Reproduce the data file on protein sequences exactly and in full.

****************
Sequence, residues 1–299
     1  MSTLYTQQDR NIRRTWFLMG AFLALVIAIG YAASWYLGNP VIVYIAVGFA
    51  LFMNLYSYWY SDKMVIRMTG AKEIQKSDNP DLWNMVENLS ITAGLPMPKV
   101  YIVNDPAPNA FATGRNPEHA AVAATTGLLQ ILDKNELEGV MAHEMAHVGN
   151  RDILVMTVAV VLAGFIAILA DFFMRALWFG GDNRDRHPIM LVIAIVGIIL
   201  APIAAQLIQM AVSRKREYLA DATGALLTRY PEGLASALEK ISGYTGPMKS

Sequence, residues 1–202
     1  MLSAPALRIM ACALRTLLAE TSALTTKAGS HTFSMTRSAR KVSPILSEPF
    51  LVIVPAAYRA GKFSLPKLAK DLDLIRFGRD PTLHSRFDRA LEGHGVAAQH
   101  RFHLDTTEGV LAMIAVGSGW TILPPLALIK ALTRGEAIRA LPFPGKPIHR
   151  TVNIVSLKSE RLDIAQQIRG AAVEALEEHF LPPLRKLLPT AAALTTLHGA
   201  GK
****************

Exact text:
Sequence, residues 1–299
     1  MSTLYTQQDR NIRRTWFLMG AFLALVIAIG YAASWYLGNP VIVYIAVGFA
    51  LFMNLYSYWY SDKMVIRMTG AKEIQKSDNP DLWNMVENLS ITAGLPMPKV
   101  YIVNDPAPNA FATGRNPEHA AVAATTGLLQ ILDKNELEGV MAHEMAHVGN
   151  RDILVMTVAV VLAGFIAILA DFFMRALWFG GDNRDRHPIM LVIAIVGIIL
   201  APIAAQLIQM AVSRKREYLA DATGALLTRY PEGLASALEK ISGYTGPMKS

Sequence, residues 1–202
     1  MLSAPALRIM ACALRTLLAE TSALTTKAGS HTFSMTRSAR KVSPILSEPF
    51  LVIVPAAYRA GKFSLPKLAK DLDLIRFGRD PTLHSRFDRA LEGHGVAAQH
   101  RFHLDTTEGV LAMIAVGSGW TILPPLALIK ALTRGEAIRA LPFPGKPIHR
   151  TVNIVSLKSE RLDIAQQIRG AAVEALEEHF LPPLRKLLPT AAALTTLHGA
   201  GK